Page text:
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Article Title

Ethics

Spring cleaning came a bit late for me this year. I teach various healthcare ethics courses specifically designed for Bachelor’s, Master’s and Doctoral level online health science students; and, before the start of each new semester, I think of ways to prune away the bad (or boring) learning material and graft on the new (and exciting) stuff. Gone are the days when the internet catered only to shy students who preferred lurking in virtual hallways and auditoriums. Today, nearly all students take online courses, and the challenge for me is to teach ethics as well as to motivate ethical behavior in all my students.

I woke up out of a dream this morning, with a profound clarity of thought. It was if I were in an inspirational state of mind, a rare domain for an intellectual (or pseudo-intellectual like me). The pain from my Fourth-of-July-at-the-beach-sunburned-back woke me up several times throughout the night and in that groggy, yet inspirational state of mind I realized that a major ingredient is missing from of my online ethics classes. Well, maybe it isn’t missing as much as it is unacknowledged and untapped. It is the human connection which resides as "the spirit in the machine.”

Martin Buber (1878 - 1965) defined the way we see the world around us using a tree as an example of the "I-It” relationship. We see its color; we watch it move; we identify its type; and, we make predictions about its behavior. Students can usually expect to get good grades for acquiring little more than this kind of knowledge in most classes…except healthcare ethics. That is because it is not enough for a doctor or a nurse or a pharmacist or a health technician to know the difference between right and wrong; they must be motivated to act ethically. Without instilling the ability or desire to do good, lectures and case studies on beneficence and nonmaleficence are nothing more than "sounding brass or clanging cymbals.” For example, informed consent is much more than a mere list of risks, benefits, and alternatives; it is a contract, symbolizing the trust that exists between two people. The informed consent is an expression of the health provider’s "I-Thou” relationship with the patient.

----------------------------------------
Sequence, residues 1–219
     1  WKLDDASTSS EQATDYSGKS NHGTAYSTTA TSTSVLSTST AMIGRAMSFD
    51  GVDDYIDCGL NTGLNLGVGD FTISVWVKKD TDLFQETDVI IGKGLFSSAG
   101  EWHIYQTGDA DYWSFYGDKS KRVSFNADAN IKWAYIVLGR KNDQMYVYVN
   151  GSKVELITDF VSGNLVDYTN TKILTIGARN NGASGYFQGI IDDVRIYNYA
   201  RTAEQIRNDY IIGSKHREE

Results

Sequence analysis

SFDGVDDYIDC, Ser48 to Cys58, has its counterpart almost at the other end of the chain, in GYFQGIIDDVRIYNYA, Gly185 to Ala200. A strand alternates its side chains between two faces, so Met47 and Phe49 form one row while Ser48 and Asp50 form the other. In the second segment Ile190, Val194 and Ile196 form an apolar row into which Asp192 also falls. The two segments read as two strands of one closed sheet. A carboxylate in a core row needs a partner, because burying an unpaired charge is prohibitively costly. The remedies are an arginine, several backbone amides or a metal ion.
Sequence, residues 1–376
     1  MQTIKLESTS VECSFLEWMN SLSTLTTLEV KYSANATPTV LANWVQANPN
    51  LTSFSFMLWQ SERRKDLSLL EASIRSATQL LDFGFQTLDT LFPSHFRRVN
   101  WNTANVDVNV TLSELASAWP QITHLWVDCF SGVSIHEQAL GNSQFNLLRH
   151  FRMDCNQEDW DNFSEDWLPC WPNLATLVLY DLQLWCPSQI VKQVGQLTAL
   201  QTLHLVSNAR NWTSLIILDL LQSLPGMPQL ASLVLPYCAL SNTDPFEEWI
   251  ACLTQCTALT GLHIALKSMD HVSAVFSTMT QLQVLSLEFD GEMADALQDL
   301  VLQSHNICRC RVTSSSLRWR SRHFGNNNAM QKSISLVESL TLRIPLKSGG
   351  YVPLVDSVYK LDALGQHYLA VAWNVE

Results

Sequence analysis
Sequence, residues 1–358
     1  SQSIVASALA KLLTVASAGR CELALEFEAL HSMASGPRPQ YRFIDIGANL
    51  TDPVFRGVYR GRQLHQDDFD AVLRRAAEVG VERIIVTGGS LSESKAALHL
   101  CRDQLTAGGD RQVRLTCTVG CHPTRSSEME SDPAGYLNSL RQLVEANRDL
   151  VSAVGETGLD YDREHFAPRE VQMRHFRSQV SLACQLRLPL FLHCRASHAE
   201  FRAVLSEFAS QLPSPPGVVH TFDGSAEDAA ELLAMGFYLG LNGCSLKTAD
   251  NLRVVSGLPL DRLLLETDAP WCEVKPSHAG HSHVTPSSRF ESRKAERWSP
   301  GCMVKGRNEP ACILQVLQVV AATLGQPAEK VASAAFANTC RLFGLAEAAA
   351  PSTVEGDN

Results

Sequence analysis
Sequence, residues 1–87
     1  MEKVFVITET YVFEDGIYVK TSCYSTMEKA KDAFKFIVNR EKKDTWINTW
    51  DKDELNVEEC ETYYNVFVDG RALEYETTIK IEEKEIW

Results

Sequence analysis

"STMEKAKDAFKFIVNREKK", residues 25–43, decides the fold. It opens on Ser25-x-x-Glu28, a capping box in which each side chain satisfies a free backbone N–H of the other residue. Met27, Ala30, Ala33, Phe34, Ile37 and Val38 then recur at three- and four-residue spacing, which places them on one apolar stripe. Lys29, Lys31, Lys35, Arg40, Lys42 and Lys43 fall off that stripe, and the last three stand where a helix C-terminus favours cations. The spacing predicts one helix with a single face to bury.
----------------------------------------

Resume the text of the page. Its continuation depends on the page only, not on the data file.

The spirit of the "I-Thou” relationship can be encouraged in the online learning environment, on the discussion boards and in the chat rooms. I recall a student who shared his one-time experience as a hospital interpreter. He confessed that his translation was not a literal one; but, his posting reminded everyone of the significant responsibility we bear caring for another person’s health. The clincher was that this interpreter was translating for his mother, so he knew her as a "Thou” not as an "It.” My dreamlike revelation is to inspire this kind of behavior between health professionals and all their patients.

I’m wide awake now and kind of giggling at this naïve approach; but, it is not such a revelation after all. The value of the patient as a unique individual and not as an "It” is described by the Hippocratic Oath. Health professionals should lead the way, demonstrating the "I-Thou” relationship with each of their patients, and even at home with their own families and neighbors. In this way, health professionals act as role models for the entire community (filling the void created by politicians, celebrities, and athletic superstars who outright reject this duty).

Simple actions of individuals can add up to the behavior of a group; so with every encounter, each of us has the opportunity to start a new movement. It happens now and then on the internet when students discover the spirit of hope, concern and love through their interactions on a machine. If it can happen there, it certainly can happen when we listen to each other’s words, look into each other’s eyes and touch each other’s flesh.

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